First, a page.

He has always struggled with heart problems, having many heart attacks. He did a heart transplant when he was 65 years old. That eventually bought him 24 years more.

If I am correct, he holds the record of the longest recipient of a heart transplant.

It just showed us how young 65 years old could be.

Mr Bogle certainly benefited from the financial industry.

But at a personal net worth of $80 mil, that is a relatively small amount to what the others are getting.

He has written numerous books which all provide a candid look at the financial industry and what he thinks works.

There is one book that I have not read which is Enough, which should be a book of a different flavor.

At Investment Moats, we have benefit greatly from Mr Bogle’s work because he created that sound foundation framework, to which other investing principals can be build upon.

Without Mr Bogle, Investment Moats would not be where it is.

And for that we thank you Mr Bogle.

Do Like Me on Facebook. I share some tidbits that is not on the blog post there often.

Here are My Topical Resources on:

  1. Building Your Wealth Foundation – You know this baseline, your long term wealth should be pretty well managed
  2. Active Investing – For the active stock investors. My deeper thoughts from my stock investing experience
  3. Learning about REITs – My Free “Course” on REIT Investing for Beginners and Seasoned Investors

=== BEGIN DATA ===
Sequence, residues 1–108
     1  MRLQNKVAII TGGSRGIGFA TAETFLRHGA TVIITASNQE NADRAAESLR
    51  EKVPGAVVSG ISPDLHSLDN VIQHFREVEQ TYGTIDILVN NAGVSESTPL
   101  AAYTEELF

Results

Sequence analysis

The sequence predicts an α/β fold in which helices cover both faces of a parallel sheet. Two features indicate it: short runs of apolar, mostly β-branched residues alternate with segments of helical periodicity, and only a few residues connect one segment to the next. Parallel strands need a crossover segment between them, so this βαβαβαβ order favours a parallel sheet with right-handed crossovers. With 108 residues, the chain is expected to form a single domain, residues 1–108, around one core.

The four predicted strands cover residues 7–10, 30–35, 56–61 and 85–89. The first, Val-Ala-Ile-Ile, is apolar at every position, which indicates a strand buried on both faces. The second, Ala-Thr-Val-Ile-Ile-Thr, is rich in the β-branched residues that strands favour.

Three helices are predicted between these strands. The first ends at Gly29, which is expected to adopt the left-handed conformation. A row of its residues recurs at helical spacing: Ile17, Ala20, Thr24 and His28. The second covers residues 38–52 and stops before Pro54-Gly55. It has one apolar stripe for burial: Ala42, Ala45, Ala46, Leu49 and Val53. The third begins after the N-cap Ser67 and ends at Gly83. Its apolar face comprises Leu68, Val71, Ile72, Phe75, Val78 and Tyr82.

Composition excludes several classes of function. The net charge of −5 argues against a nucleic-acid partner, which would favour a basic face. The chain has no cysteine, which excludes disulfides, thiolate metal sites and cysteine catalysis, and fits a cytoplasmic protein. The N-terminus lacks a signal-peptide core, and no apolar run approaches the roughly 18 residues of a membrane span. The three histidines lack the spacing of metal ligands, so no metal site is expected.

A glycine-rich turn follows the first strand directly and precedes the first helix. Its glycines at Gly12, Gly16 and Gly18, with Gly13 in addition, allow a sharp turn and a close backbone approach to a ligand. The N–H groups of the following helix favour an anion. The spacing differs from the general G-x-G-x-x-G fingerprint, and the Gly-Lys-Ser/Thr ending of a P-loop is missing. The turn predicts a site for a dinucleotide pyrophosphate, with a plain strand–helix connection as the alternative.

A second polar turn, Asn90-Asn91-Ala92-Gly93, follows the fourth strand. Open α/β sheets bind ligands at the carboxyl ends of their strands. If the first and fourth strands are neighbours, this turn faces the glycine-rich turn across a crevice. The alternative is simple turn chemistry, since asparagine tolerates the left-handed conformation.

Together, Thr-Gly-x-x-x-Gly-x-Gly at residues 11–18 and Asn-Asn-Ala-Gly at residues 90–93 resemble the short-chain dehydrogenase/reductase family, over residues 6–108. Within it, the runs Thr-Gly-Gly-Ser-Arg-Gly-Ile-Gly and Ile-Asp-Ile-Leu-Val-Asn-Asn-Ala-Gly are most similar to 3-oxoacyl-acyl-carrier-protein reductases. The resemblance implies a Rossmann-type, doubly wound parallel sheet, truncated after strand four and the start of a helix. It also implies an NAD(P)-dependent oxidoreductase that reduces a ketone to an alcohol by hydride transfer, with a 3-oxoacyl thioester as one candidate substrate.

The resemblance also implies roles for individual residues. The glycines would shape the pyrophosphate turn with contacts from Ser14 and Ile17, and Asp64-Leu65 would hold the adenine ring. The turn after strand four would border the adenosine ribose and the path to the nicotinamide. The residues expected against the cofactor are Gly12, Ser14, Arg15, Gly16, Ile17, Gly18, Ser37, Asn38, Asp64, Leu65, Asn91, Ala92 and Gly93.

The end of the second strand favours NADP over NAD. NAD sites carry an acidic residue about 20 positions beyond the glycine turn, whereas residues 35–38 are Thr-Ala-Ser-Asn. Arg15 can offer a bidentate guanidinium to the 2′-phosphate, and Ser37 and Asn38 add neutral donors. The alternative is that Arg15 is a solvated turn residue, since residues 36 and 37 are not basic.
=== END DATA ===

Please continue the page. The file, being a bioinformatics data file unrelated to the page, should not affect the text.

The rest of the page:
4. Dividend Stock Tracker – Track all the common 4-10% yielding dividend stocks in SG
  5. Free Stock Portfolio Tracking Google Sheets that many love
  6. Retirement Planning, Financial Independence and Spending down money – My deep dive into how much you need to achieve these, and the different ways you can be financially free

 

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Bedokian

Thursday 17th of January 2019

Well written and well said.

RIP John Bogle.

choozm

Thursday 17th of January 2019

Thanks for writing this. He is my hero. Remind me of the old times - from diehards.org, bogleheads.org to sgfunds.com. RIP John Bogle.

indexfundfan

Monday 21st of January 2019

RIP Jack.

I was honored to receive one of Jack's book which he personally autographed for me when I won the Bogleheads contest more than 10 years ago. Yes, those were the old times when we were active at the FSM and the sgfunds forums.

Kyith

Thursday 17th of January 2019

Yeah

Sinkie

Thursday 17th of January 2019

Buffett recently led a standing ovation in 2017 or 2018 for Bogle, saying that he was a hero to millions of ordinary retail investors, for pushing low cost investing & ultimately forcing big players to also slash their fees. After Ben Graham, Bogle is Buffett's other investment hero as well.

The latest vindication is Blackrock's recent retrenchment of hundreds of analysts & fund managers as it focuses more on low cost passive investments.

Buffett also alluded to the fact that Bogle could have earned many times more than what he had, but for his steadfast unwavering principle of putting the little guy first, and personally embodying modest low cost living.

Bogle's structure of Vanguard is essentially a cooperative or collective, similar to how many of our NTUC enterprises started e.g. Fairprice, Income, Thrift.

Kyith

Thursday 17th of January 2019

And for that a lot of us benefit from it